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Dalit woman, daughter paraded naked, raped and killed in Maharashtra PDF Print E-mail
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Friday, 29 September 2006

 

The village of Khairlanji near Nagpur is an unremarkable settlement of brick huts and cement houses. Less than 200 families live here. Dirt roads run between flat farmlands, and the eye sees great sprawling distances.

 

There was always a gaping silence in this village, even before 29 September 2006 when an upper caste mob, according to eyewitnesses, paraded a mother and her 17-year-old daughter naked, raped and killed them. Two other members of the family, brothers aged 19 and 21 also were murdered. Their bodies were dumped in a canal.

 

Thirty-eight men have been arrested and they are being held under police custody. The gruesome incident occurred 780 km from Mumbai. Why this happened is a mystery that readily resolves itself depending on who you are talking to. Some say one Siddharth Gajbhiye, a police patil (village cop) had an affair with 45-year old Surekha, wife of Bhaiyyalal Bhotmange and mother of three children.

 

This, apparently, churned the villagers who, after a string of events, took the drastic step. Others say the Bhotmanges, a land-owning Dalit family, were battling a land dispute with the upper castes.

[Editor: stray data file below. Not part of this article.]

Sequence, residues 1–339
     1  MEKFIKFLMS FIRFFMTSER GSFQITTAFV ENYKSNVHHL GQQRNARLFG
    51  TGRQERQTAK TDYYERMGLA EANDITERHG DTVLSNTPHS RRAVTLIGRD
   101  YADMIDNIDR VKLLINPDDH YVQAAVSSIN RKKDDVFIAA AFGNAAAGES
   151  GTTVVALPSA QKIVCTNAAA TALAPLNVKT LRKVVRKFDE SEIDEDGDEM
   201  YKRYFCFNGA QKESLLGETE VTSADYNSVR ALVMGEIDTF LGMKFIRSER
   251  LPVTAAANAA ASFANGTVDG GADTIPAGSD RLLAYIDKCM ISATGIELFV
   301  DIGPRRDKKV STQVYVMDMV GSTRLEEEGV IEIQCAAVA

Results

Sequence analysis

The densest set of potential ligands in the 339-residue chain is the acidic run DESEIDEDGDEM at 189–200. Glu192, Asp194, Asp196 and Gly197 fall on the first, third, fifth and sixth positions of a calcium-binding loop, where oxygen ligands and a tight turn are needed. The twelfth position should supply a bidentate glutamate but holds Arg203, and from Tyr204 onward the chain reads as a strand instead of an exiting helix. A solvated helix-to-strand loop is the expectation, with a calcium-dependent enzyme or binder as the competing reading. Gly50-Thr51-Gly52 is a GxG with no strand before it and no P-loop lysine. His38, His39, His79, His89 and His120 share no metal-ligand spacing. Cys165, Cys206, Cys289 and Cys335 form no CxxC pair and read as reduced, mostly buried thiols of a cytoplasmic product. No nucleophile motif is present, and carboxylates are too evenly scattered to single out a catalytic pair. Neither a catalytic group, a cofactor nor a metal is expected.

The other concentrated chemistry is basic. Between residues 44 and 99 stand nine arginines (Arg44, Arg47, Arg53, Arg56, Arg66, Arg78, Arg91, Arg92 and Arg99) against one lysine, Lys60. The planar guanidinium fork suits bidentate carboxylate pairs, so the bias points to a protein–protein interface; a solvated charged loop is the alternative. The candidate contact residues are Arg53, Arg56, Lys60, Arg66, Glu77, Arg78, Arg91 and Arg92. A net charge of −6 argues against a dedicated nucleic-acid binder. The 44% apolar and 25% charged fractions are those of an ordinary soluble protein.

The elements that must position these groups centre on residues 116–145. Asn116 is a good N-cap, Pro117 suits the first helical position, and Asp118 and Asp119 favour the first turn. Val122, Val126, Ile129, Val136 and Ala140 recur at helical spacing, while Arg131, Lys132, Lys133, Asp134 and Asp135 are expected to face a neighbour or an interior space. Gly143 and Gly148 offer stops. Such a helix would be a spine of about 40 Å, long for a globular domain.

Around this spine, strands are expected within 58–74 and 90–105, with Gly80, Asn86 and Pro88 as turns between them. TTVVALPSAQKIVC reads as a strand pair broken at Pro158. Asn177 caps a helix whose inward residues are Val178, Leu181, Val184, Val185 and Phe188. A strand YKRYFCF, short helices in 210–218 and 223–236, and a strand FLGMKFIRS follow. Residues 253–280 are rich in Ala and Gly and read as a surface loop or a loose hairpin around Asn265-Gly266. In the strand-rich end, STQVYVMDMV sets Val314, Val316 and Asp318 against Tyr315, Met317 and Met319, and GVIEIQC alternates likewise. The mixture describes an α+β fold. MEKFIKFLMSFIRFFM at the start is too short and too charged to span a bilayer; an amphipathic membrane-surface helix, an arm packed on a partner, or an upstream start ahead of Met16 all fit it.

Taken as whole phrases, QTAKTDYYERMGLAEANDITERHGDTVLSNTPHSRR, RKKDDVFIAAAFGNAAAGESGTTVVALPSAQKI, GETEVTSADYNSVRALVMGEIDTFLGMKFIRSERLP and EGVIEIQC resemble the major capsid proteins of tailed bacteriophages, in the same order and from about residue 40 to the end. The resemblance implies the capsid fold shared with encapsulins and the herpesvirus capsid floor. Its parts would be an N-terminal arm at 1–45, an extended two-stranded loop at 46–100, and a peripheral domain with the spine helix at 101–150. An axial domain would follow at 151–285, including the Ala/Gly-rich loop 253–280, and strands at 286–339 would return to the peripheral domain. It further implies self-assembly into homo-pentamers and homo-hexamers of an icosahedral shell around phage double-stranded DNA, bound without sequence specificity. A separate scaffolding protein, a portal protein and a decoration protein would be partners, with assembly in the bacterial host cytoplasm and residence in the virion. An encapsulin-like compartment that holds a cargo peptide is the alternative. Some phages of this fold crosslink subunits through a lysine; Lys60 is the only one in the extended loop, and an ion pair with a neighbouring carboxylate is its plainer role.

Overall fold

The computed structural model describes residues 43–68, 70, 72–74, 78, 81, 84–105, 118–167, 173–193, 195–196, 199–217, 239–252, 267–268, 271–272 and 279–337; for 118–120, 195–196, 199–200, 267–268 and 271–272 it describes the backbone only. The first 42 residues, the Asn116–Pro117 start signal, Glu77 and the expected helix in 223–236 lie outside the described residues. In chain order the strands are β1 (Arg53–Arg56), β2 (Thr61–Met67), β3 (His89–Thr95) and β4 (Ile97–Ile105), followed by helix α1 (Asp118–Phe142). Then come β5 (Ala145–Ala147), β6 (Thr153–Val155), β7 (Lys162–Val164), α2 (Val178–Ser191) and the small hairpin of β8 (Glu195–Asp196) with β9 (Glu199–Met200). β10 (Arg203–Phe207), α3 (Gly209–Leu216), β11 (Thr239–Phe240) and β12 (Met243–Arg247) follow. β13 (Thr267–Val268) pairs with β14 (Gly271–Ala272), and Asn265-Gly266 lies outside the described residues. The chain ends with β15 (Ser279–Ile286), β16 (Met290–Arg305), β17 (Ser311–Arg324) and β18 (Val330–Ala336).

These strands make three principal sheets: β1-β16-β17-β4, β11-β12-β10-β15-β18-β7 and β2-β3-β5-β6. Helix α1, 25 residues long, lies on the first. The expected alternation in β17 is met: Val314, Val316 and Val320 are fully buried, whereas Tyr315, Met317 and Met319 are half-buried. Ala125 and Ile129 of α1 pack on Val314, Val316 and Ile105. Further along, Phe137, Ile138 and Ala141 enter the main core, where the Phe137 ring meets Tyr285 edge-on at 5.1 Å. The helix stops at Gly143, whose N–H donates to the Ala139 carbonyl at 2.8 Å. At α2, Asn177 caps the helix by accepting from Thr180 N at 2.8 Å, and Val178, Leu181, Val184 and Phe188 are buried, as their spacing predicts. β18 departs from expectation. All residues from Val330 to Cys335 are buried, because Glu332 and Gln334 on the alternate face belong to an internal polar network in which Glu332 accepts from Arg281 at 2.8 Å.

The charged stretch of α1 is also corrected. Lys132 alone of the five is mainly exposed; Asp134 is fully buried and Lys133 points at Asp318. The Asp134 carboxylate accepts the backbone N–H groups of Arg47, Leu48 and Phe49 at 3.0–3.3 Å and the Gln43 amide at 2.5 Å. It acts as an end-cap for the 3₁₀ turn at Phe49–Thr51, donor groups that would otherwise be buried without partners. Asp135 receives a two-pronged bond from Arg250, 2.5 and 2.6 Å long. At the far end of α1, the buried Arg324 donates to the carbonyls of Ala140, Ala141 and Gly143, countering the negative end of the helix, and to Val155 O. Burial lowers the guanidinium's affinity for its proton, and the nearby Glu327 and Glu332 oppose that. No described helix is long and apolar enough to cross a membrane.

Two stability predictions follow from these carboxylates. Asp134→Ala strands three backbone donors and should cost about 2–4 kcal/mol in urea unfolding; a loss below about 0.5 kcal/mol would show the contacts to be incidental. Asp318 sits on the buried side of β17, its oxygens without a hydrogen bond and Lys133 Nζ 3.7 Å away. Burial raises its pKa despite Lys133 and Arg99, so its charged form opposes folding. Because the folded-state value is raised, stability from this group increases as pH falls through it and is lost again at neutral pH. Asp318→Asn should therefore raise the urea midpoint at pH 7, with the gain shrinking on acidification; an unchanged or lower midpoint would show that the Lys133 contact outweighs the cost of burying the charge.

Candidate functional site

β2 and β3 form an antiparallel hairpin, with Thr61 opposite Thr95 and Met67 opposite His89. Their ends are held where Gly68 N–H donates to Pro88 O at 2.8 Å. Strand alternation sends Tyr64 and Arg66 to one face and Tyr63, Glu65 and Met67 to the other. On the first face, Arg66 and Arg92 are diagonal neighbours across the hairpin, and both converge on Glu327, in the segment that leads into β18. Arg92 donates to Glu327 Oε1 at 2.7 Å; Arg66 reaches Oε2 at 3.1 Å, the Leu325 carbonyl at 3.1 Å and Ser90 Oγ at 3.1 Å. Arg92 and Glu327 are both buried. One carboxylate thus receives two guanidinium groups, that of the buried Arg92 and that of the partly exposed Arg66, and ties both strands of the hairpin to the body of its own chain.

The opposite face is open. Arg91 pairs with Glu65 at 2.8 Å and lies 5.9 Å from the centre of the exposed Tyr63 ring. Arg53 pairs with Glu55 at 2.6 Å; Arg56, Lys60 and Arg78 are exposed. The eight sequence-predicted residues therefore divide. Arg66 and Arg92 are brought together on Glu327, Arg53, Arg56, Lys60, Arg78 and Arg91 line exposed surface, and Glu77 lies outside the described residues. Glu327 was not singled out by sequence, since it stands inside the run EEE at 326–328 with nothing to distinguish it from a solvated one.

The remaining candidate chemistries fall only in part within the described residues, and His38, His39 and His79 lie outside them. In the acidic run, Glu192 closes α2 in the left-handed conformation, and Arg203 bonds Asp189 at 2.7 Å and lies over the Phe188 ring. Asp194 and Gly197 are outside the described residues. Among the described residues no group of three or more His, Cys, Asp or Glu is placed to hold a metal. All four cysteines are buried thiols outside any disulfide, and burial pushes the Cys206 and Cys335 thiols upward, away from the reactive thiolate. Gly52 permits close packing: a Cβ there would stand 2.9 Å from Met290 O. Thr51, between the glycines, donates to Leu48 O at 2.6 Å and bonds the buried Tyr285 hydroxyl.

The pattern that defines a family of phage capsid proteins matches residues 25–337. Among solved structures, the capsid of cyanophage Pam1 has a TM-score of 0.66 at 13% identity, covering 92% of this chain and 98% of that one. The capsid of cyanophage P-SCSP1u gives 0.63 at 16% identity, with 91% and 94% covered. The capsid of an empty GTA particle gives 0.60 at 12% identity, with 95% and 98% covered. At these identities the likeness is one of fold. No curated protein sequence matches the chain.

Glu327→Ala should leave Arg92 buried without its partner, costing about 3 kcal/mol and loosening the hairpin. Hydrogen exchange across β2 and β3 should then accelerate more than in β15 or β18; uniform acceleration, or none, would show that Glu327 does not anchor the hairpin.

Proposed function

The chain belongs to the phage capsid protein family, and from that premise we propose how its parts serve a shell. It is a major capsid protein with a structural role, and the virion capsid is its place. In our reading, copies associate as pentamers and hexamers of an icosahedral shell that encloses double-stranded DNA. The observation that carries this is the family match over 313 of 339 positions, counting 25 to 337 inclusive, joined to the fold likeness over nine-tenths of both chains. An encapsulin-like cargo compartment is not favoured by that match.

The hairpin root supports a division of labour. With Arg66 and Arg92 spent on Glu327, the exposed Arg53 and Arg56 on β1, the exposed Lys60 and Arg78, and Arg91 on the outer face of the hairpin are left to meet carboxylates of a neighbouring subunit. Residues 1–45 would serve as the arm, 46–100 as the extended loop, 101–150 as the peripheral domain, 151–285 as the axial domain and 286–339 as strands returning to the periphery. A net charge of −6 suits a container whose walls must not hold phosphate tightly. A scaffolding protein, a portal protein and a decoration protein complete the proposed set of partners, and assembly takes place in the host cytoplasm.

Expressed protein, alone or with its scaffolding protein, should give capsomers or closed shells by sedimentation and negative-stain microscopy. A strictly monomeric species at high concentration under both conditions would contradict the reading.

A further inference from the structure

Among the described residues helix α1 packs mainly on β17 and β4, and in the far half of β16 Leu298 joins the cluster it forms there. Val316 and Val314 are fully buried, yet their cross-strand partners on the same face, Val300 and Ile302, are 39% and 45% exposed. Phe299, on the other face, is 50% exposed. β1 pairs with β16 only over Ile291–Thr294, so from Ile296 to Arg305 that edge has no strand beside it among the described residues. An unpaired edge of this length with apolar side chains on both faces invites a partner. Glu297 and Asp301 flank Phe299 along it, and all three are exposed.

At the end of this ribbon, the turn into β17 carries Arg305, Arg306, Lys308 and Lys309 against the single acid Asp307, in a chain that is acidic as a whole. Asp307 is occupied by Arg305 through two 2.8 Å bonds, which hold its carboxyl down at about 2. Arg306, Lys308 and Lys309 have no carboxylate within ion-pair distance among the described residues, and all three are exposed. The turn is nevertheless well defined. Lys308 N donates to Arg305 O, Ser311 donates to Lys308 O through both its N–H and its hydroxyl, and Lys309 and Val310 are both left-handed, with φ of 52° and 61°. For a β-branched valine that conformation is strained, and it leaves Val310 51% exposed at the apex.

They owned five acres of land once, back in 1996, before two acres were taken away to build a road. Then again, when their land was demanded for road construction they objected, and the tensions caused by that defiance resulted in their slaughter.

 

Whatever be the cause, there is not much doubt over what happened on the evening of 29 September 2006. A mob broke down the frail door of a house that is nothing more than a heap of loose bricks without the adhesion of mortar. The mob was armed with bicycle chains, axes and bullock cart pokers.

 

Surekha and 17-year-old Priyanka, a 12th standard topper, were paraded naked through the village. According to eye-witnesses, one of them was even strapped to a bullock cart.

 

They were then taken to a crude open-air theatre stage where, according to villagers, people yelled to the sarpanch to let them sexually assault the women. Meanwhile, Priyanka's brothers, 21-year-old Sudhir and 19-year-old Roshan, were murdered. After Priyanka and her mother were raped, they were also murdered.